Consider the effect conventional society has on the protagonists within both Wuthering Heights and Tess of the d’Urbervilles. In both “Wuthering Heights” and “Tess of the d’Urbervilles” the female characters are seen as subservient to their male counterparts and characters such as Heathcliff and Tess are treated as inferior as a result of their lower status. Both novels were considered to be unconventional because the authors explore taboo subjects such as ghosts, child abuse, rape and murder. The Protagonists are affected by societies expectations of the Victorian era that are forced upon them, which affects their actions; preventing their happiness and true love from flourishing. Victorian society held strong, conservative religious views.
Essay The book Emma by Jane Austen and the film Clueless by Amy Heckerling are two texts that are strongly influenced by their context and are an expression of their cultural values. This concept is highlighted through the time the texts were written in, differences in Emma and Clueless, themes, language techniques and film techniques. Time is a factor that will have impact on a text and therefore determine its context, thus this will express its cultural values. Emma was published in 1816 in England. The novel was written for a 19th century reading public, mainly gentry and middle class audience.
Amy Heckerling’s adaptation of Jane Austen’s “Emma” has transformed a 19th century classic English novel into a teen flick romcom film of the 20th century entitled “Clueless”. Despite the vastly different historical settings and societal values of the two texts, Amy Heckerling’s “Clueless” still retains the essential values of the original text by adapting these values into a modern society of our time and a modern audience of our age. Comparatively through the themes of class and social structure and the attitudes towards love and marriage, a greater insight can be gained of the context in which it appropriates further enhanced by the use of satire and irony employed by both composers. “Emma” by Jane Austen was written in the Regency period of the 1800s; a time of inequality as it featured a wide gap between the rich and the poor while at the same time a rise in the merchant middle class. In response to this context, Austen tends to satirise the common source of power by creating a microcosmic world of a genteel community evolving round a “handsome, clever and rich” young woman who "seemed to unite some of the best blessings of existence."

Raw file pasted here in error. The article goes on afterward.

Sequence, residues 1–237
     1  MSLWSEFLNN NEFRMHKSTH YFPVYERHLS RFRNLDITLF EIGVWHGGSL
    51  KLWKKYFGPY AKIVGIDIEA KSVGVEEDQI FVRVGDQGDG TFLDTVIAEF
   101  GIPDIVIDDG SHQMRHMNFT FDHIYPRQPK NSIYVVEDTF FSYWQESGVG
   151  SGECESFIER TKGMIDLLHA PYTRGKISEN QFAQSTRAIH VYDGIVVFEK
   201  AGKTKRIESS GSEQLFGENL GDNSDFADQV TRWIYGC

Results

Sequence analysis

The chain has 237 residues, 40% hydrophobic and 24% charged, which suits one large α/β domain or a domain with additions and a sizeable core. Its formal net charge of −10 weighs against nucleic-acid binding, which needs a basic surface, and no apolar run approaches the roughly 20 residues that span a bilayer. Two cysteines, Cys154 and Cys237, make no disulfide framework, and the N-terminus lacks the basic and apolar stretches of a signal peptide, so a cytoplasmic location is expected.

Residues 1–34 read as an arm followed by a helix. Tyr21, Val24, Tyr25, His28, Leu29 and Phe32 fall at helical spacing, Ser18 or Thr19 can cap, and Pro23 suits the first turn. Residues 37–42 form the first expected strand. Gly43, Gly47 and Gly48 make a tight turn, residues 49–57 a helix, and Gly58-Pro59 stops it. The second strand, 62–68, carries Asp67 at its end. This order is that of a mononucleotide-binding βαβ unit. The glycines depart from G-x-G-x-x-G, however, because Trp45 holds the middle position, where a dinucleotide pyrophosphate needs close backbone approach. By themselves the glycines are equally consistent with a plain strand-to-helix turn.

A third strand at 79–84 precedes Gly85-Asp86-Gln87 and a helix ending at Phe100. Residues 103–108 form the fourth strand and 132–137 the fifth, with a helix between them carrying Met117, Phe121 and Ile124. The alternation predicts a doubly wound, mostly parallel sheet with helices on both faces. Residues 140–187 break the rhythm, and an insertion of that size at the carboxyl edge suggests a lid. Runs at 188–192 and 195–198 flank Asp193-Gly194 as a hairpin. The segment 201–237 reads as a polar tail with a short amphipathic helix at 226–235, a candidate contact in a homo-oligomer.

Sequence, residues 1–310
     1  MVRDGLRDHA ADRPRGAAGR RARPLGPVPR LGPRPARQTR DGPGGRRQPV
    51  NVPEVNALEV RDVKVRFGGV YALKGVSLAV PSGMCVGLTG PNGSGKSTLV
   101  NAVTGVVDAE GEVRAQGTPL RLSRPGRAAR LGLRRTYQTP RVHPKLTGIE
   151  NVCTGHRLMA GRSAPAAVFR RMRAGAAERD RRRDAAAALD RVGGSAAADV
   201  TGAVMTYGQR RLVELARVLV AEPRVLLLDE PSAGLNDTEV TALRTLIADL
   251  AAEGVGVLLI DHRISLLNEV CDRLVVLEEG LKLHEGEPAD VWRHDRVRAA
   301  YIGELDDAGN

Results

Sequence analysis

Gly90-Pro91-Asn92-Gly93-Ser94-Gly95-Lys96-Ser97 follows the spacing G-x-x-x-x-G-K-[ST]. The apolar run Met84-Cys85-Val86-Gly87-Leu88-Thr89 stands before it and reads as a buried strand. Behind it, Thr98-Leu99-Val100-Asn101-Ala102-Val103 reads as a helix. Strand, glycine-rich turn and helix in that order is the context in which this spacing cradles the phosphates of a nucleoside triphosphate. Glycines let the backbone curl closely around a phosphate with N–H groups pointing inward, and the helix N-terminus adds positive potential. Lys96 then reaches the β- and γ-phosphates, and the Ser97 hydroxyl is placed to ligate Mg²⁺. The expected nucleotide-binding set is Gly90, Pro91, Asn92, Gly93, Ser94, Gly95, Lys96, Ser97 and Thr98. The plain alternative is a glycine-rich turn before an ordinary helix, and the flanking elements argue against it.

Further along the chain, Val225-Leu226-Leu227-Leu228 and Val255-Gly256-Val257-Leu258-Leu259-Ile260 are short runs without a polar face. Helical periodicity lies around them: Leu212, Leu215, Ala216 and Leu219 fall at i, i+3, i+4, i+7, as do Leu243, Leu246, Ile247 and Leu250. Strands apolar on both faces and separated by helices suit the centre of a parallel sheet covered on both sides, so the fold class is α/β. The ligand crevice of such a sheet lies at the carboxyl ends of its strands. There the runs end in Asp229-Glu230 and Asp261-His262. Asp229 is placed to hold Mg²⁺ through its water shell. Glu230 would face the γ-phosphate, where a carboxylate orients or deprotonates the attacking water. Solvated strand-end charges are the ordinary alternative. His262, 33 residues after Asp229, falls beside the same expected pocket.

There was inequality between men and women in society. It is therefore possible to read Wuthering Heights as an extraordinary critique of the social conditions for women since, Victorian women writers had been largely prevented from writing social or political criticism in their novels. The rural setting of wuthering heights can be seen as indicative of the position of women as isolated from culture and modern industry. A women’s sole purpose was to marry and reproduce and if a women were to remain single, this would result in social disapproval and pity. This could explain some of the reasons for the choices Catherine and Isabella make, as women of the late 18th century.
Class: The Very Nature of Identity Whether a person comes from the rich, moderately rich, middle class, or the very poor, class distinction is extremely prevalent in Victorian literature, especially as to what one is worth in society. Characters from Charles Dickens’s Great Expectations are at the heart of this statement and, with the help of James Eli Adams’ article, on The boundaries of social intercourse’: Class in the Victorian Novel, I will discuss social classes represented by Dickens. This will show how the audiences is motivated to think about the effects social position has on individual identity by illustrating the different lifestyles and behaviors associated in Victorian society that depict a clear separation of social class. First of all, social class is a central theme of the social order illustrated in Great Expectations. Social class determines the custom for how one is treated in society.